Katherine McDonald was just six years old when she decided she wanted to be a clothing designer. Watching the scene in Disney’s Cinderella where the mice make the long-suffering heroine her gown, McDonald turned to her mom and said, “I want to make dresses.”

McDonald made good on that promise, sewing dresses for junior high dances, designing a gown for a friend’s debutante ball, and making casual dresses throughout college. Upon graduation, she landed a job in corporate America, and her design dreams seemed all but forgotten — until co-workers started requesting their own versions of her handmade clothes. Within a few months, she quit her day job and started hosting trunk shows around Charleston for her newly launched clothing line called LulaKate.

It’s been nearly 10 years since those humble beginnings, and LulaKate has grown into a highly esteemed boutique bridal company with a bright, spacious showroom on King Street. The company’s designs, including wedding gowns and bridesmaids dresses, are sold in stores across the country. Most recently, McDonald has made a return to the ready-to-wear market with a small capsule of dresses that are perfect for work, luncheons, or garden parties.

McDonald’s initial shift from ready-to-wear to bridalwear happened after the recession hit and she was forced to choose between the two lines. Because many of her loyal customers were getting married, she went with bridal. “We were at that age where people were starting to get married, and people started asking me to do their bridesmaids dresses and then people started asking me to do their wedding dresses,” she says. “Then bridal just took off.”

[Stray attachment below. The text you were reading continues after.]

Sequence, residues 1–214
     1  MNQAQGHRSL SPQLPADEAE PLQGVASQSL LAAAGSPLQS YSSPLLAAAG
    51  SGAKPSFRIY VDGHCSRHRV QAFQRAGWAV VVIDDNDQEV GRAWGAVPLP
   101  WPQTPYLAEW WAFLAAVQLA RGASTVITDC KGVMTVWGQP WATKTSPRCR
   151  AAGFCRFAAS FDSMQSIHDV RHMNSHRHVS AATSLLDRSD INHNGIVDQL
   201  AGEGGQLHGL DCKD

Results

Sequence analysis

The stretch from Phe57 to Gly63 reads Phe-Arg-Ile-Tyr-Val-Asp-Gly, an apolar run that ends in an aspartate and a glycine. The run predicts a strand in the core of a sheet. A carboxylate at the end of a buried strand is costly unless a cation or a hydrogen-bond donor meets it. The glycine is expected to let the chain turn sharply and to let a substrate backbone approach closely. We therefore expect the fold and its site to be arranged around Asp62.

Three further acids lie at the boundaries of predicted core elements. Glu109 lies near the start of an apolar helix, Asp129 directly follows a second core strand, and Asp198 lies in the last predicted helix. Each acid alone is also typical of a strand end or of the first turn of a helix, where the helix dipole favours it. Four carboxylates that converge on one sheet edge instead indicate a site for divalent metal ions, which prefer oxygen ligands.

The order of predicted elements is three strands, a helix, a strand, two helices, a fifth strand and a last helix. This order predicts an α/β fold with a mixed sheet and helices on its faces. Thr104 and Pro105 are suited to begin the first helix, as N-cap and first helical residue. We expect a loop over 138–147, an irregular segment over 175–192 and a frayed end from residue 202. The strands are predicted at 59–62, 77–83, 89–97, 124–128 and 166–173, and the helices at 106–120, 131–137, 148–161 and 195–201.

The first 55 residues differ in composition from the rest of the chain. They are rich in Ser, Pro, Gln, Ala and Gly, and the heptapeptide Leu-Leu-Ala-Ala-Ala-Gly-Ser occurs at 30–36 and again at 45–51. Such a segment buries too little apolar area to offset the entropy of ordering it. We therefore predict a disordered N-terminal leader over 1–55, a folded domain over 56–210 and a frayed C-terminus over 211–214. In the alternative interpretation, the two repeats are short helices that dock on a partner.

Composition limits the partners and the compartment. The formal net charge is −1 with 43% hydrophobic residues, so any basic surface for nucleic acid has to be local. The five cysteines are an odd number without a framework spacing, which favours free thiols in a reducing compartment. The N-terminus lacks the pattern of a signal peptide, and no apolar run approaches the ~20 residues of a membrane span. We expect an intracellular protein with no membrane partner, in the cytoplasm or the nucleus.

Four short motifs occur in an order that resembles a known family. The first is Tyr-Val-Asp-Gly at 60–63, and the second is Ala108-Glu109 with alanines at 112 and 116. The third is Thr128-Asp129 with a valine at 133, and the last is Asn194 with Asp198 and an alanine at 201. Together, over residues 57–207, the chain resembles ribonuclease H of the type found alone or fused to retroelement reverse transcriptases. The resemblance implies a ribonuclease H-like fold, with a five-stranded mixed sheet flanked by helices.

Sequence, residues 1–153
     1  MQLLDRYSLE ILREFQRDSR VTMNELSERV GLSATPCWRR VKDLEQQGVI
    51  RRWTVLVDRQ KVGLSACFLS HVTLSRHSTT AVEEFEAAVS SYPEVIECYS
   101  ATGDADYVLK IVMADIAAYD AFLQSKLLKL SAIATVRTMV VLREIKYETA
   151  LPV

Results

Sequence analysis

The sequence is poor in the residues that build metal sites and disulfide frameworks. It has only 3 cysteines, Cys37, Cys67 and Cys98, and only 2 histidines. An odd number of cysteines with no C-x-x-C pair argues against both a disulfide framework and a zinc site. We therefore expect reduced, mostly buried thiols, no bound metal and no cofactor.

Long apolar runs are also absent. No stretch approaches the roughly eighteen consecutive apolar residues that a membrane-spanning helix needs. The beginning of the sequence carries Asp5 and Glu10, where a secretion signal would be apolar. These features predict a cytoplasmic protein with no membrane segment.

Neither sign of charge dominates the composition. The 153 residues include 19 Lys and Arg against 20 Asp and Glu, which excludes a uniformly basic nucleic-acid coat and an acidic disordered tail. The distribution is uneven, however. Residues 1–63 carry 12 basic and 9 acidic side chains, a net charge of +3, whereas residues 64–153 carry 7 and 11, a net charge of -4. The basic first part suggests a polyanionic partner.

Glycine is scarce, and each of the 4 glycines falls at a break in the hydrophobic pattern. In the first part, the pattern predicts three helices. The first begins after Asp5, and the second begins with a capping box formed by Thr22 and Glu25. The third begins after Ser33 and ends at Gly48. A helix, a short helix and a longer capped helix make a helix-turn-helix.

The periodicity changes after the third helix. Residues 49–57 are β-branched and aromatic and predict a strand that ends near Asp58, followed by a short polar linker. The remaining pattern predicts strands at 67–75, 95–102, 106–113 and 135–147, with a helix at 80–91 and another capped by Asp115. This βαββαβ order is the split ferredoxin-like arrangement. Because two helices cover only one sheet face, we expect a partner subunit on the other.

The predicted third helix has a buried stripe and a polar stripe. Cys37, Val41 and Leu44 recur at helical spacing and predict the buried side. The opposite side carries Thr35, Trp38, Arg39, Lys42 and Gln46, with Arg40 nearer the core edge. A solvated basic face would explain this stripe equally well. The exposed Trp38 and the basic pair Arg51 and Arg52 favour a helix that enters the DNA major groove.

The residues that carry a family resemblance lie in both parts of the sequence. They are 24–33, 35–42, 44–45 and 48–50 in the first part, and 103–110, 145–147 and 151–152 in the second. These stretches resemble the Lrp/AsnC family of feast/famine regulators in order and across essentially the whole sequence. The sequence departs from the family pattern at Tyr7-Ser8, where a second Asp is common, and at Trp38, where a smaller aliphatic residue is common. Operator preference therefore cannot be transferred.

Now she makes bridal alternative and specialty bridal gowns as well as customizable bridesmaid dresses in 34 different colors, five different fabrics, and various options for necklines and skirts.

One thing all of her creations have in common: a classic silhouette. Inspired by her mother, who was a Pan-Am flight attendant in the 1960s, McDonald works to maintain a timeless, feminine shape with all of her clothing. “I really believe in classic styles, especially in the bridal industry,” she says. “I think the worst thing you can do is look back on your pictures and think, ‘Oh my gosh, look at that puffy sleeve,’ or, ‘What was I thinking with that big bow in my hair?'”

That classic aesthetic carries over to the ready-to-wear line, which McDonald plans to update every few months with eight to 12 new designs. McDonald says the most popular piece of her six staffers is the long-sleeved colorblock shift, which also comes in two prints. The collection also includes a strapless maxi, a graphic black-and-white halter dress, and a short-sleeved white shift dress. Many of the shapes are adopted from the bridesmaids collection, then given a fresh feel with more casual fabrics and modern details.

Right now they’re available online only and made to order by the company’s sewing house in New York City’s garment district. “We don’t want to wholesale our ready-to-wear right now. By offering the collection exclusively online, we can have a nice product at an affordable price point,” she says. “We throw in a little bit of trendy things, but you’re never going to see anything that you can’t wear for at least two or three seasons.”